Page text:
By John H. Foote

By the time he portrayed the disturbed haunted army assassin Willard in Apocalypse Now, Martin Sheen should have been a nominee for Badlands (1974) and had a few Emmys on his mantle for his superb work on television. When actor Harvey Keitel worked five days for Coppola before being fired off the film, he brought in Sheen who had auditioned for him for The Godfather (1972) years before and remained in his head.

Once seeing the film, you cannot imagine another actor in the part.

His haunting opening words, “Saigon, shit I’m still only in Saigon” followed by a drunken breakdown in the room are frightening and a peek into his troubled mind. An army assassin, he is sent on missions to kill, and that has weighed heavy on him, but not as heavy as his next mission will torment him. I doubt Willard will live a day for the rest of his life without remembering Kurtz (Marlon Brando) the decorated war hero he has been sent to kill in Vietnam. Told to “terminate with extreme prejudice” he cannot understand why the military wants him dead, but gradually the army feed him information and he thinks he has a handle on it.

As they travel upriver we are taken on a journey through Vietnam, described as one of the characters as “Disneyland”. Seen through purple haze and acid, the war is a colorful nightmare where life and death are forever interlocked in struggle.  The greatest example of the futility of the war is the Do Lung Bridge, where the Americans work all day to build it up and the Viet Cong bomb it all night, lives lost on either side, the men like shattered shells of human beings.

The more of the war Willard sees the more he begins to understand Kurtz and his decisions. When he finally finds his camp, littered with bodies and heads scattered on the ground, he is face to face to with the madness of the man, which places him face to face with himself.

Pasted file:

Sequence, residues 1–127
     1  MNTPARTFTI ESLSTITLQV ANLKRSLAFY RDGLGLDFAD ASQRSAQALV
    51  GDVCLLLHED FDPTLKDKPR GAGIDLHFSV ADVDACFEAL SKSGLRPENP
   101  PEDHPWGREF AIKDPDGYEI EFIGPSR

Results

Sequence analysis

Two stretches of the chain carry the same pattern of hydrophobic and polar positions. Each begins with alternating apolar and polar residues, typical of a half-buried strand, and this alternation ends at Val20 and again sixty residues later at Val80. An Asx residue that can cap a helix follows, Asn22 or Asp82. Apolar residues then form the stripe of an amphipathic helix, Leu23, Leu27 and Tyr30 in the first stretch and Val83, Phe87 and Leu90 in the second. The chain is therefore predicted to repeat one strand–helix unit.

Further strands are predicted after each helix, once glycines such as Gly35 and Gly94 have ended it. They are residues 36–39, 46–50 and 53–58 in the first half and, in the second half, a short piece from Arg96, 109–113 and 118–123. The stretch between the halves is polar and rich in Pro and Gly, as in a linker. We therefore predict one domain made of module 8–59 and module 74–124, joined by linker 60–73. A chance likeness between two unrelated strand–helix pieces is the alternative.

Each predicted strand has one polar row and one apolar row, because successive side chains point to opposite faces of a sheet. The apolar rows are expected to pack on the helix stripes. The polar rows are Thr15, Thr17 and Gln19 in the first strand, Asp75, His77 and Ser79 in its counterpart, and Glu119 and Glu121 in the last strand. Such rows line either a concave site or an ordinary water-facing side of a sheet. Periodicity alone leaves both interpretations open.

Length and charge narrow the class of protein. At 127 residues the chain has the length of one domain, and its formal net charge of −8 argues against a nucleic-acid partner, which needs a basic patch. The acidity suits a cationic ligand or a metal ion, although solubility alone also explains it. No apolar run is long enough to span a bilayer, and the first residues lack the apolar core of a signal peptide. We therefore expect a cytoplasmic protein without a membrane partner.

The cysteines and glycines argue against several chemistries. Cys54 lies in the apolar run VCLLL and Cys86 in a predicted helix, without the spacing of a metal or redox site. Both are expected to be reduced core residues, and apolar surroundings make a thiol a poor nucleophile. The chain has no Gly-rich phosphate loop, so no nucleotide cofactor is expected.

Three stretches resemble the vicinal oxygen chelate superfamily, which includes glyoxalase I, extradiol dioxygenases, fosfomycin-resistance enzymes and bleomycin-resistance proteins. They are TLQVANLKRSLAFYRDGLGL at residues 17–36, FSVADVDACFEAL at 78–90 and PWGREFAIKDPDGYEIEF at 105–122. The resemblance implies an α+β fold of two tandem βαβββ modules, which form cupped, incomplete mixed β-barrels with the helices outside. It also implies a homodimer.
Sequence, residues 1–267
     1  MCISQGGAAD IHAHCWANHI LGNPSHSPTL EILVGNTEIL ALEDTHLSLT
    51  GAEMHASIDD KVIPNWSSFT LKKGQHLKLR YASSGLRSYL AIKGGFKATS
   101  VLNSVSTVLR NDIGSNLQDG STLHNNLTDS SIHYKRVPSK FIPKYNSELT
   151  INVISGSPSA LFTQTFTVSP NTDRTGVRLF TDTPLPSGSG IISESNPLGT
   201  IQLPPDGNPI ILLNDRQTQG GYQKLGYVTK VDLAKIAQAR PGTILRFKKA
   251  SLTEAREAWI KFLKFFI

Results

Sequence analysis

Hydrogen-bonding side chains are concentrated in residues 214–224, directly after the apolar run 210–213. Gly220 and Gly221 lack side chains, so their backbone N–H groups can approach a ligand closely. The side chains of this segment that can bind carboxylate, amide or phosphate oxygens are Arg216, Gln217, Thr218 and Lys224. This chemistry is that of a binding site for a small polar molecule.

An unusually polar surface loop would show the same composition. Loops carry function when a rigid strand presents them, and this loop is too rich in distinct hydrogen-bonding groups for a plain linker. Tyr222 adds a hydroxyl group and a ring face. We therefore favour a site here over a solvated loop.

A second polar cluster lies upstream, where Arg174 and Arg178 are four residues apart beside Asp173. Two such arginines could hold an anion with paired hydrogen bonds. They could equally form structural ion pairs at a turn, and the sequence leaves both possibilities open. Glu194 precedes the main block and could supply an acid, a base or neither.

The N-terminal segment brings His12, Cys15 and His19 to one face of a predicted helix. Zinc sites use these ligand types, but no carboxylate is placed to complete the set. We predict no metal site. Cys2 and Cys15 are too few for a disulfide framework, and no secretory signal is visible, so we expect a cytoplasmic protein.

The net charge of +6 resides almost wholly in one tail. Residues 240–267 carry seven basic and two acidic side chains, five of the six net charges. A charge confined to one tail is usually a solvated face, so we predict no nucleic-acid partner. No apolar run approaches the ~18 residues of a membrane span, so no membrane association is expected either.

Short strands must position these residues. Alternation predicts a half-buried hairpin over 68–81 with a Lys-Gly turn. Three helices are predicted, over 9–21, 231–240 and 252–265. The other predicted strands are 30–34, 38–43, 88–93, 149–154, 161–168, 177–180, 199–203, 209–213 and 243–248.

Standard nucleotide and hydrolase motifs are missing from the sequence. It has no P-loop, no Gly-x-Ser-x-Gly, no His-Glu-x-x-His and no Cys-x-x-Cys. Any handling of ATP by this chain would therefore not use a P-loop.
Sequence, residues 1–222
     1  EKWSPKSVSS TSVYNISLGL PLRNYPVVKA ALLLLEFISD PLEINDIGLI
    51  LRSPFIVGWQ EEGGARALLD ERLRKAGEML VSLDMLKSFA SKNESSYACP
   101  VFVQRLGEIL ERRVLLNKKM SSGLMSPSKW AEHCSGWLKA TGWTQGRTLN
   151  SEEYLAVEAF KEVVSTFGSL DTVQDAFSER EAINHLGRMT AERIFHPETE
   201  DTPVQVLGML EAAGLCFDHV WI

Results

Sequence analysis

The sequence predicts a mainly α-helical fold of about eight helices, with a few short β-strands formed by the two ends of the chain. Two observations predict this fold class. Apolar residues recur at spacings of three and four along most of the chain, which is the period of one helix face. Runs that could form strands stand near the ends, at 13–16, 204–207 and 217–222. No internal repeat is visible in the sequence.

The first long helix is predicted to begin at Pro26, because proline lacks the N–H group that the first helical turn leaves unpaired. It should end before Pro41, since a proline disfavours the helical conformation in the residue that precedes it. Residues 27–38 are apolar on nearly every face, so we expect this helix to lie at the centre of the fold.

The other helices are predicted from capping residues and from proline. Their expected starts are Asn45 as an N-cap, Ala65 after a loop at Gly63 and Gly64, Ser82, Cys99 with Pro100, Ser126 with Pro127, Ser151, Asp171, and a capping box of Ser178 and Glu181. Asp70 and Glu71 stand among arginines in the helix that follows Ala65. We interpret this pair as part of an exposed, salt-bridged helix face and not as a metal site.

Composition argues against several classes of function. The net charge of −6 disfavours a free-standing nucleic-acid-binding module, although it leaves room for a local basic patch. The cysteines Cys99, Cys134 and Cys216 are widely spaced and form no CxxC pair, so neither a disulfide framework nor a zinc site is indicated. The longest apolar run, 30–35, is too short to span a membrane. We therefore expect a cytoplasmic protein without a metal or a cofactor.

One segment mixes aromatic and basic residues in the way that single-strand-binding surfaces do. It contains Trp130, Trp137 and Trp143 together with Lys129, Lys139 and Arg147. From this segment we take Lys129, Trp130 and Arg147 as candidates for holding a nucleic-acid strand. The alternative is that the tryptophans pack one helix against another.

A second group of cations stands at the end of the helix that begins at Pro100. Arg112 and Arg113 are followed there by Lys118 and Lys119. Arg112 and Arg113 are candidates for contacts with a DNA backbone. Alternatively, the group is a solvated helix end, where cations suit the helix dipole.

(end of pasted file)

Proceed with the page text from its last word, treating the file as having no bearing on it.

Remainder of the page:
Kurtz is a living Buddha, entirely bald, enormous in girth and in complete command of the locals who have pledged their allegiance to him. With them is one of the assassins sent before Willard to kill him, instead, mesmerized by him and falling in with him. Kurtz talks to him for days about the war and how it has destroyed him and will ruin America if it does not end. In his words, Willard believes Kurtz is telling him to end his life.

And so he does, in a stunning sequence juxtaposed with the slaughter of bull for sacrifice.

Willard hears Kurtz last words, “the horror, the horror” and knows he will never forget them.

Now should he stay? Should he continue the work Kurtz was doing? Clearly Kurtz wanted him too, but he takes Lance the last remaining member of the crew and takes him with him back to the boat. Silently he pulls away, but was the work Kurtz was doing worse than what Willard was doing?

Sheen gave a superb quiet performance amidst the madness of what Willard was experiencing and seeing. In every way he was us, and we too were seeing the war, but through his eyes. We watch him murder a wounded young woman because it interferes with his mission, easily, unthinking. Yet it is he who watches in horror at the antics of Lt. Kilgore (Robert Duvall) a man who wipes out an entire village because he wants the beach to go surfing. And we see him hack away at Kurtz with a machete, a terrible way to die, but a duty he must perform, now more for Kurtz. He has come to admire the man enough to take his pain away, not matter how horrifying. It is a seething piece of acting, and the intensity of it is shocking. Missing him from the Best Actor slate was sad and deeply disappointing.

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